RESULTS

This study included 10 male patients with pilonidal disease at the age of 20 to 35. The mean disease duration of the patients was 4.2 years. Two patients were treated with crystallized phenol technique previously, however, the symptoms recurred within 12 months. Eight patients did not receive any prior treatment except for non-steroidal anti-inflammatory drugs to relieve pain. The past medical history and family history were both unremarkable. All the patients underwent surgery using the technique described above (Figs. 4a4c). No complications have been observed intraoperatively. The patients were discharged on postoperative day one. The follow-up period was three months. The surgical site infection was observed in a patient within seven days, postoperatively. The patient was treated with oral administration of ciprofloxacin 500 mg and metronidazole 500 mg twice daily for one week without any adverse effect.

Figure 4: a. The borders of the modified Limberg flap was drawn on the gluteal region by using the standardized modified Limberg flap template. b. The tip of the pincette shows the lateralization of the midline/intergluteal sulcus to the left, which gives the technique its name “modified”. c. The postoperative view of the standardized modified Limberg flap operation.

 

DISCUSSION

Pilonidal disease can be treated with various surgical methods, however, risk of recurrence remains high [9]. Recurrence rate of 20-40% has been reported regardless of the surgical technique [10]. Flap techniques provide a flattened intergluteal sulcus, tension-free repair, less hairy tissue and reduced sweating [9]. The classic Limberg flap consists of symmetrical rhomboid shaped excision in which the apices are placed on the midline. Recurrence can be observed in the excision site at the lower midline apex of the rhomboid flap following the classic Limberg flap. Therefore, the classic Limberg flap was modified in 2004 to prevent this complication. The rhomboid-shaped excision is made asymmetrically to move away the apex of the flap1 to 2 cm lateral side to the inferior midline [11].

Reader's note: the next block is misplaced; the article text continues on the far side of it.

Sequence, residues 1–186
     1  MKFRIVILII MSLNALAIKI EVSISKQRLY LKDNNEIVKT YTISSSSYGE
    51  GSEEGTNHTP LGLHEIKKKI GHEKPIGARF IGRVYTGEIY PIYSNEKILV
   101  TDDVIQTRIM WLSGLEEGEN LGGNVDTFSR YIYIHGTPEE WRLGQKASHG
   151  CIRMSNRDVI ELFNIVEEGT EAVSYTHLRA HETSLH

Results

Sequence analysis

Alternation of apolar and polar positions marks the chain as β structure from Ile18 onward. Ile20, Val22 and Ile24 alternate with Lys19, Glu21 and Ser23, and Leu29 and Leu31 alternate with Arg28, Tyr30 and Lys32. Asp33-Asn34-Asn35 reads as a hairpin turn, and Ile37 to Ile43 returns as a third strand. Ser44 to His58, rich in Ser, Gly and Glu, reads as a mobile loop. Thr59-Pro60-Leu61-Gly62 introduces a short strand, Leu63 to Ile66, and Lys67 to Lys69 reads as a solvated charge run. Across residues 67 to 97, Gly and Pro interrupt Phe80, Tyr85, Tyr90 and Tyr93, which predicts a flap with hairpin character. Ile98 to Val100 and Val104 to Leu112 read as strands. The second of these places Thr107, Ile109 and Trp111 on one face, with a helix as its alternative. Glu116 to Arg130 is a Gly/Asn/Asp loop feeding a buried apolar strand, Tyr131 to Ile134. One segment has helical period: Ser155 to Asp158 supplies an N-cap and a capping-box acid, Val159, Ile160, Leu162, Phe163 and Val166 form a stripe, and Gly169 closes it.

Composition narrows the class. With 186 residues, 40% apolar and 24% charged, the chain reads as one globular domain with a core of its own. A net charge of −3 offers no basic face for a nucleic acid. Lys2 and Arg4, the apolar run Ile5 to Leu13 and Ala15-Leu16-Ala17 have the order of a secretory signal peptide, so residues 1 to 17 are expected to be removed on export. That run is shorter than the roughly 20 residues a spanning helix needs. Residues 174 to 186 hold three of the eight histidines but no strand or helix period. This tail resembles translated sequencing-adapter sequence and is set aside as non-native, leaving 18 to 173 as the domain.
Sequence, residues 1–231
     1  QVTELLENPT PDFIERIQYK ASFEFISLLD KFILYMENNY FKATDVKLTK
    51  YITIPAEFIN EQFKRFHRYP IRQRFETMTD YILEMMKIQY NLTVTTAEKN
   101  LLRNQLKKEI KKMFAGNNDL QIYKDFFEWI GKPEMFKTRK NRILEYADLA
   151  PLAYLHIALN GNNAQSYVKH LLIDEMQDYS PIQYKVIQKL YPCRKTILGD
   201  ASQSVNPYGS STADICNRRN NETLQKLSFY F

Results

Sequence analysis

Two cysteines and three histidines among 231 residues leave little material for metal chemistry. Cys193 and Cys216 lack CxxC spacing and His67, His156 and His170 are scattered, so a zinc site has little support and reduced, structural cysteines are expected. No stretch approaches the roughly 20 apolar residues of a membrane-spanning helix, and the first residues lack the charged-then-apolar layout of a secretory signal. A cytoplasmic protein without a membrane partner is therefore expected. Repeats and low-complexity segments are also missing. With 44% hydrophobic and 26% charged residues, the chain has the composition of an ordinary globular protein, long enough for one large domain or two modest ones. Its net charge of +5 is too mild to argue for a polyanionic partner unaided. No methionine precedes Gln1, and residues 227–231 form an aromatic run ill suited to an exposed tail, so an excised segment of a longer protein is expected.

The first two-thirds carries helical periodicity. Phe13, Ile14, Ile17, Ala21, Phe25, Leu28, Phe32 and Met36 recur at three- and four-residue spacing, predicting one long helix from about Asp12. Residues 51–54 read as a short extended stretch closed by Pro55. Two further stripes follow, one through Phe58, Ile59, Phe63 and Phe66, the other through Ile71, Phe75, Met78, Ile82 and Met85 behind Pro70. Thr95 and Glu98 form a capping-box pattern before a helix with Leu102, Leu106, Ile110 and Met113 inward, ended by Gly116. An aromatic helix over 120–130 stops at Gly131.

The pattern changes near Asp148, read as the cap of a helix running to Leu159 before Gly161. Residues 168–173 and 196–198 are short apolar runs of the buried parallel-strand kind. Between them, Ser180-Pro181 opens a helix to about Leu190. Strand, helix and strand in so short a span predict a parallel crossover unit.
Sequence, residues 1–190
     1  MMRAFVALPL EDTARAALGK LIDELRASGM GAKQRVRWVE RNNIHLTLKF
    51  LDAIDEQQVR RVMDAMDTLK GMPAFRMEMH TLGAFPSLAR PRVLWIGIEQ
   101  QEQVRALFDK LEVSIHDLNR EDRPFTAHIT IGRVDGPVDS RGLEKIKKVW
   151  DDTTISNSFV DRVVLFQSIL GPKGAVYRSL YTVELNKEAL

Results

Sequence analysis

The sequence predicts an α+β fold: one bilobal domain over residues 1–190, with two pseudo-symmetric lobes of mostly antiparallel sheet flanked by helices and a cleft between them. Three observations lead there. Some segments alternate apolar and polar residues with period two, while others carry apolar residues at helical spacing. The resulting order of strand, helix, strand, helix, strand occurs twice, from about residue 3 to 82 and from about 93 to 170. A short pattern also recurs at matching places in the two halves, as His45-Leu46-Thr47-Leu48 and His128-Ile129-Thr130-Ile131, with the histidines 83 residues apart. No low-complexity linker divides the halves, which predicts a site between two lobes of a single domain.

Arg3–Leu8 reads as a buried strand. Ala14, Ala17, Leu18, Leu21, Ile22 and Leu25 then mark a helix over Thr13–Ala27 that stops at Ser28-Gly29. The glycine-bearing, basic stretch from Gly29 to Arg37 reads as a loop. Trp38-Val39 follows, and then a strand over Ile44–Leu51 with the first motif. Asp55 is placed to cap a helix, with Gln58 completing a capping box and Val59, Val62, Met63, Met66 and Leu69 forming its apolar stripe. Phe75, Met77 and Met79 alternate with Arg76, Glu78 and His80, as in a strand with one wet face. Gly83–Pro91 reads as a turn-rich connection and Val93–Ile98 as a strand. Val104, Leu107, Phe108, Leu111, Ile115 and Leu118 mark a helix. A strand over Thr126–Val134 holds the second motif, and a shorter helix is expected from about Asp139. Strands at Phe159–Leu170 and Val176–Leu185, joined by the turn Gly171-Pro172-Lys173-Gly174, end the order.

Modified Limberg flap is one of the most commonly used procedure with satisfactory outcomes, short healing time and good long-term results [12,13]. However, modified Limberg flap can lead to disfigurement in the sacrococcygeal area as a result of creating a geometric shaped flap. The procedure may not be appropriate for patients with extensive pilonidal disease which requires larger flaps [12]. Modified Limberg flap closure has been compared with other surgical techniques which are used in the treatment of pilonidal disease. Shabbir et al. reported that modified Limberg flap closure has less infection and recurrence rates, short hospital stay and better patient comfort when compared with excision and direct primary closure [13]. Khan et al. compared early outcome of modified Limberg and Karydakis flap procedures. Khan et al. reported significantly less wound infection and seroma formation in patients treated with modified Limberg procedure [14]. Sit et al. compared the Karydakis, modified Limberg and Limberg flap techniques in the treatment of pilonidal disease. Modified Limberg had significantly low maceration, recurrence, and hypoesthesia rates. Mean off-work period, time to walk without pain, and period to take the drainage off were shorter in modified Limberg compared to Karydakis and Limberg flap techniques [15].